is to seek the truth and share it with the world.

The sacred choice is in our hands, my dear friends:
Life, love, beauty and humanity;
or the Stone Age of human extinction?
That is the question of the new decade.
Is anyone listening to the current words of wisdom:


This poem was written for the 5th World Beyond War Conference in Ottawa, May 26-30, 2020.

Peace groups will oppose the 2020 CANSEC weapons show in Ottawa on May 30-31, 2020. Please come out and support the movement to save humanity from the scourge of war.

Tuesday, 31 December 2019

Paper about Doukhobor names published by Jon Kalmakoff

Jonathan Kalmakoff's latest research article of 275 Doukhobor-invented surnames has been published in a scholarly European journal specializing in names.

Jon says: "This project has been a 'labour of love' of mine. It was written over the past two years while I have been off-work and housebound, battling kidney failure. However, the research underlying it covers over twenty years of painstaking archival research and countless interviews with Doukhobor elders throughout Canada, Russia, Ukraine, Georgia and Azerbaijan."

Kalmakoff, Jonathan. "Ulichnye Familii among Doukhobors of the Caucasus and Canada," Onomastica (Vol. 63, 2019), pages 67-114. Onomastics is the is the study of names.

In Russia, Doukhobors lived together for generations and intermarried so much that many people had the same or similar names. To separate people by name, more names were needed, a nickname, or a surname based on some distinguishing characteristic. Jon lists 275 new family identities, most brought to Canada. This list should help many who are confused trying to research their family tree.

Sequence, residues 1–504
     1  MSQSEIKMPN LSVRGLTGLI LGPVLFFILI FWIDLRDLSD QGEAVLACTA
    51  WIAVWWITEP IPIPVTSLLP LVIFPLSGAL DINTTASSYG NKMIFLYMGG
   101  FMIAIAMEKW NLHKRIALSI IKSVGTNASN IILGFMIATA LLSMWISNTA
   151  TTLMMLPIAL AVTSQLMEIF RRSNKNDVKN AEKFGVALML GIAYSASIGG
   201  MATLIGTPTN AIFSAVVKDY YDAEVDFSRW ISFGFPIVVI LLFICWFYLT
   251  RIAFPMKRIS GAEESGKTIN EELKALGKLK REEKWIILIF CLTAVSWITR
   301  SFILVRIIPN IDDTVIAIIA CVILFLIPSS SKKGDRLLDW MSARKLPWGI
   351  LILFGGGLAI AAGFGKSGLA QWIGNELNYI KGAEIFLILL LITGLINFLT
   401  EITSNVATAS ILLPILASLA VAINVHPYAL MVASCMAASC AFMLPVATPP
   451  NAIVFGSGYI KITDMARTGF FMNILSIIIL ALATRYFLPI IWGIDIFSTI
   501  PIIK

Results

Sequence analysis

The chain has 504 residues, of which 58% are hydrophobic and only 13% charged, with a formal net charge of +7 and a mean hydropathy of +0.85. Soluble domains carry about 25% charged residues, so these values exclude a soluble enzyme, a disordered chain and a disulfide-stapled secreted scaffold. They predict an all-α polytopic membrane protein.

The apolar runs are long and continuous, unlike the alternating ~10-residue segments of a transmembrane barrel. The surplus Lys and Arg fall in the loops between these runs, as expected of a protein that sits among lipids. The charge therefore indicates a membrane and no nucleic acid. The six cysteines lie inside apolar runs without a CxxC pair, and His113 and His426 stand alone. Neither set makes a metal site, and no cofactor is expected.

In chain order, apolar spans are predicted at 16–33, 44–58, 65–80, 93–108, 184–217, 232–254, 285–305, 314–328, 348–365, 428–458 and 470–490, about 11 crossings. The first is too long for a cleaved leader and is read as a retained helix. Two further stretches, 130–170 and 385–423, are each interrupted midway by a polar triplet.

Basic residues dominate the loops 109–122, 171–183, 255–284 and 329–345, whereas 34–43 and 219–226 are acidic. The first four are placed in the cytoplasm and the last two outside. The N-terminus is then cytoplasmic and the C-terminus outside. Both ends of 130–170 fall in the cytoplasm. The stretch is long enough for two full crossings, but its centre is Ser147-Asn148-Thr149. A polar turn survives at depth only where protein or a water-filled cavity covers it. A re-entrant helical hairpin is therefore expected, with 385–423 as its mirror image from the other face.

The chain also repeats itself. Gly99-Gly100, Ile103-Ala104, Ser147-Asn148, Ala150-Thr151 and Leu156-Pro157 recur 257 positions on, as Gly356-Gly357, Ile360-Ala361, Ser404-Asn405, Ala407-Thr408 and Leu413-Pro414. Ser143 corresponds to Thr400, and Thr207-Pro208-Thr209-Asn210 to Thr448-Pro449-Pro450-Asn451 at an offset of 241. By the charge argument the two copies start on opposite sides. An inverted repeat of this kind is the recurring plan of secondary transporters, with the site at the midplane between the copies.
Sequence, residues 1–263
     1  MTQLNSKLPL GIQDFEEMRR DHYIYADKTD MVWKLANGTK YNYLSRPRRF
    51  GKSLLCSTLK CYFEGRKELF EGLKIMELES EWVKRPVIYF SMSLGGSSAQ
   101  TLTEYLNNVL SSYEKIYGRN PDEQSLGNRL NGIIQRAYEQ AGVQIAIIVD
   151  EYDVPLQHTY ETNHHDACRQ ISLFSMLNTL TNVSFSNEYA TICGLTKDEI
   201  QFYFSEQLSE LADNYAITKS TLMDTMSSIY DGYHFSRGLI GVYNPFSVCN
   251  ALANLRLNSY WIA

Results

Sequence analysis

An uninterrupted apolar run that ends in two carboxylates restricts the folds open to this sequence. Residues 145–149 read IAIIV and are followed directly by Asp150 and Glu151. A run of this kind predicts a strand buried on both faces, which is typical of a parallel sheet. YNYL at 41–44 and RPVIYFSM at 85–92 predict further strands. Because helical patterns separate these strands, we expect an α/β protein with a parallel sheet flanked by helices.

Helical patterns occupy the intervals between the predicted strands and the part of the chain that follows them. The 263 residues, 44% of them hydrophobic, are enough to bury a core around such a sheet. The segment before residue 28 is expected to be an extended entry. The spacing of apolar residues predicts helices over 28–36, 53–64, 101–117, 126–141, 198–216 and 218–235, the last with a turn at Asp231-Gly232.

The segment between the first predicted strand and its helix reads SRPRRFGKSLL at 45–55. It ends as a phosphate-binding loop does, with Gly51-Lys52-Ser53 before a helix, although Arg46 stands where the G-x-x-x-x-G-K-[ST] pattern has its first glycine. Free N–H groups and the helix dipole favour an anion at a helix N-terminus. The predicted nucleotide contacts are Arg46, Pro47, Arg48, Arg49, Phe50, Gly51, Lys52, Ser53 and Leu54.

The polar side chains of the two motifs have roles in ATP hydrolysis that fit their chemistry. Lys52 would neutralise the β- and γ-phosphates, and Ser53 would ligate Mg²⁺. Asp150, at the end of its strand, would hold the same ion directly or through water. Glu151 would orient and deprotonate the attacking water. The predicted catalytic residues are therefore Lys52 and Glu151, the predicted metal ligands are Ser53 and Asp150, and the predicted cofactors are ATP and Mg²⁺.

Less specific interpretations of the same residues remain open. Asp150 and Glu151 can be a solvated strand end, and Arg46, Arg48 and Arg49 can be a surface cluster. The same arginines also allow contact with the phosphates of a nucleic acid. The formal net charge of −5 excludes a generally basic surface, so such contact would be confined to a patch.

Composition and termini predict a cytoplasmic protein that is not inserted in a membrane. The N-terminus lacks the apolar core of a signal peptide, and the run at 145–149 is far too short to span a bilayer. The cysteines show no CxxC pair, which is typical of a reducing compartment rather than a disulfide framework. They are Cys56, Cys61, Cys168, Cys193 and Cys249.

Such made up names in Russian genealogy are called "on the street names" (уличные фамилии : ulichnye familii), to distinguish them from official written names. Learn more at and

The 275 Doukhobor "street names" are alphabetically listed with details on the last 24 pages of the 47-page article. More than 100 references are cited on 4 pages, including 24 from Russian archives. Several of the works cited have not yet appeared as sources in print. I also count 45 people contacted by "correspondence" plus 8 interviews.

Of the 275 names listed, I count 133 (48%) taken from first names (Arina, Denis, etc.); and, 63 (23%) taken from descriptions or adjectives (dove, stubborn, etc.). Local languages provided 11 names from Turkish words, 4 from Armenian, and 2 from Georgian.

Jon first heard of Doukhobor surname changes from Eli A. Popoff's Рассказы из Истории Духоборцев (Rasskazy iz istorii dukhobortsev : Stories from Doukhobor History, 1956). He says “He also heard his great-grandmother Mabel S. Kalmakoff apply similar names to various Doukhobor families from the Good Spirit Lake and Buchanan areas.  ... these influences intrigued and motivated me to learn more...”

In November 2000 Jon mentioned the topic on his web page "Guide to Doukhobor Names and Naming Practices" (updated Aug. 2010) in the last section about "Family Nicknames" and how to notate people with two surnames.

Other cultures also created ways for identifying people with such names. French, Italian and Scottish use "dit" names. Germans have "sippe" names. Scots and Irish use "sept" names. Spanish-Catholic cultures avoid confusion during baptism by assigning the family name of both parents plus more if needed.

For Canadian Doukhobors, Jon wrote: "... today ulichnye familii have all but disappeared among Doukhobors, as a result of their assimilation, dispersal and modernization." Positive ID now relies on Social Insurance Numbers (SIN), driver's license photo-ID, cellphone number, finger prints, DNA, etc.